Scientists and environmental specialists are working very hard to come up with new ways and developments through which we can help our world and save ourselves from the problems of global warming. A recent scientific development made by a team of 27 scientists in the field was published in Nature Biotechnology and it has the potential to change front and back yards all over the world.
Watching the glow
Bioluminescent mechanisms in nature are nothing new. The most common example of it can be seen in fireflies but there are deep-sea creatures that use bioluminescence as a way to attract prey in the darkest parts of the ocean. Did you know that some mushrooms use bioluminescence as well? As it turns out, there are! And upon closer inspection, scientists found that they have botanical components that aren’t that different from those found in common plants. The scientists put two and two together and tried to insert bioluminescent mushroom DNA into the compatible plants and saw the magic happen. Not only did the plants started to glow, but their light was also brighter than they ever expected.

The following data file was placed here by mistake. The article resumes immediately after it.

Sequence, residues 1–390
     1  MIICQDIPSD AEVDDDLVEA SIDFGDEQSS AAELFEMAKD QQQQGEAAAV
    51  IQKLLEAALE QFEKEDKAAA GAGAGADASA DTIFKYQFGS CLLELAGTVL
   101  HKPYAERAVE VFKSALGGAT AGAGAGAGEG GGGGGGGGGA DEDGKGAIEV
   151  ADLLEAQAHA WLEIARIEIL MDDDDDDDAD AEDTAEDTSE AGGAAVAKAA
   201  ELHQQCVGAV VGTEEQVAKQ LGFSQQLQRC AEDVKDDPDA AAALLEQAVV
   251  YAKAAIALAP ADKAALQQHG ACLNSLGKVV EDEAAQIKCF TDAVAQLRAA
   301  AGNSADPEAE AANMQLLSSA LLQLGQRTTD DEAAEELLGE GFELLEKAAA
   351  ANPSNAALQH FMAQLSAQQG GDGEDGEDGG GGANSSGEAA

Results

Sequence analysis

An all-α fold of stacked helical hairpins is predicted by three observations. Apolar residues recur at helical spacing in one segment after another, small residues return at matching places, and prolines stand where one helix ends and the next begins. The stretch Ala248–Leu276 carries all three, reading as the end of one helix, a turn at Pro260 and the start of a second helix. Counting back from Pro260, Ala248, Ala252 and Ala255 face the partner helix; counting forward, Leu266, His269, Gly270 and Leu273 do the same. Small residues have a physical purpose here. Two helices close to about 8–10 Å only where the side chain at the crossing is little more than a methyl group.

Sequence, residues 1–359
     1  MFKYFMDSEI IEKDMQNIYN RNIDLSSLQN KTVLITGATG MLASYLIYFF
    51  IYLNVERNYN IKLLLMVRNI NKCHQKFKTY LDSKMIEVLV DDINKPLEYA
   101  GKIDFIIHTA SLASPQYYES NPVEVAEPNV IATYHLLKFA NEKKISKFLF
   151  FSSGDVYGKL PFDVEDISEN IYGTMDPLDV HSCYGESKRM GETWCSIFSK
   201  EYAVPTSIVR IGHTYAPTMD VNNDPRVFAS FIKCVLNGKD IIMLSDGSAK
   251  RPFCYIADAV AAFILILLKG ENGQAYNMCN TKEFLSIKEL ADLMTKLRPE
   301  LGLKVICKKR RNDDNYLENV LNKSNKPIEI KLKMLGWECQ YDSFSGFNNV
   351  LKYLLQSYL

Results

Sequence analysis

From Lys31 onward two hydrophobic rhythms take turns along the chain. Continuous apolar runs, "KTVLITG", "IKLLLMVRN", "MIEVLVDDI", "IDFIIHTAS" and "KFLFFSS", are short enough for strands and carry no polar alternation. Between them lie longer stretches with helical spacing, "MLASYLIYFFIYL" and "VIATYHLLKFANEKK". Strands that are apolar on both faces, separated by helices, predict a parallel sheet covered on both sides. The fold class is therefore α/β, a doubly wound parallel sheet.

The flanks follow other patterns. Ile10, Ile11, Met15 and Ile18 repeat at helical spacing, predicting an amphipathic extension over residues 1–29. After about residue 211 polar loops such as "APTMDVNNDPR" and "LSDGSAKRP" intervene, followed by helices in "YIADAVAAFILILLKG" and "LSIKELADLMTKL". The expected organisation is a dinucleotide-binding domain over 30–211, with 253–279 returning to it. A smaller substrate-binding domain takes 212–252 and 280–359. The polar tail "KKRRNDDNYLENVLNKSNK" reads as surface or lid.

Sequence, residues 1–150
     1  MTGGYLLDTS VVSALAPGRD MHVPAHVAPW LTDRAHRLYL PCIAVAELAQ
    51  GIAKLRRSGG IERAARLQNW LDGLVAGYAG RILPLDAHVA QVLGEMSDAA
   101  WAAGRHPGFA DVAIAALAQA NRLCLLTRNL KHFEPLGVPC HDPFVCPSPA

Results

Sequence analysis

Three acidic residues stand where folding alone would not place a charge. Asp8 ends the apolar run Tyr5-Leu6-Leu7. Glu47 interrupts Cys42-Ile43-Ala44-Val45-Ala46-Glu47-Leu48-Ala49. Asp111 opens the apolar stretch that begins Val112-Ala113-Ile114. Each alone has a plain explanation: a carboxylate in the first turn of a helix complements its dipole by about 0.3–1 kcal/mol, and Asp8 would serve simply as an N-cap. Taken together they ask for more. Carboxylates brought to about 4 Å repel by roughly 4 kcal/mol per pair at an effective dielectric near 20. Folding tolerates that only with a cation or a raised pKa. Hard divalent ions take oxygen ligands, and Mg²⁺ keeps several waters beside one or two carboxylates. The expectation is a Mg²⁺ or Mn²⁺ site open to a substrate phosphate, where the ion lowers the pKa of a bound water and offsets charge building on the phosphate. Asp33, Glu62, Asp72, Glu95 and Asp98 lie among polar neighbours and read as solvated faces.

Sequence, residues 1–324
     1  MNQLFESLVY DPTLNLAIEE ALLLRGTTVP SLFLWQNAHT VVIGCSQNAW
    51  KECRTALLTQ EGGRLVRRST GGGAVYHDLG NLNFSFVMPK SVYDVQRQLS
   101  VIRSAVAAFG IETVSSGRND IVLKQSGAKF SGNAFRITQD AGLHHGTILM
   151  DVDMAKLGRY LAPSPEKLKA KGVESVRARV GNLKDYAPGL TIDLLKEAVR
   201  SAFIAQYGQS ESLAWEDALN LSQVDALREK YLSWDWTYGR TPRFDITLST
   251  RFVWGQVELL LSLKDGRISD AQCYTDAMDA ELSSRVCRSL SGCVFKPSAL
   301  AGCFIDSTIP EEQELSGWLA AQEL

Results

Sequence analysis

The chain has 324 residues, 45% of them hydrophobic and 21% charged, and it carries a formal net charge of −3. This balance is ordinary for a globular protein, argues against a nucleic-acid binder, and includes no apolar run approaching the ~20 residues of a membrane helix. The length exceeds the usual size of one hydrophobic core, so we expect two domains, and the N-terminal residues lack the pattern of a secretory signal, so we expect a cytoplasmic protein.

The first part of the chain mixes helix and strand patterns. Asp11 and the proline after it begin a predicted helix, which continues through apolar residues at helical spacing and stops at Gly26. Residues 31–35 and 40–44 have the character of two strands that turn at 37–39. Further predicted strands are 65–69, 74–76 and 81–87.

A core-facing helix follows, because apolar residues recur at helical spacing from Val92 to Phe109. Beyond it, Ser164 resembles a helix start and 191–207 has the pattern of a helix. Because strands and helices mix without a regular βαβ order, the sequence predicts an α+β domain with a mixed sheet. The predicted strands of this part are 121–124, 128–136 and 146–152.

Light pollution interferes with wildlife’s biological clock, and too much of it can mess up our melatonin flow and harm the quality of our sleep. These two reasons are just a drop in the bucket in terms of damage caused by too much artificial light. These glowing plants can be a real game-changer: they don’t require any batteries, lightbulbs, or electricity, and they have no negative environmental impact. Plus, who wouldn’t want to have a plant for a night light? It’s a win-win!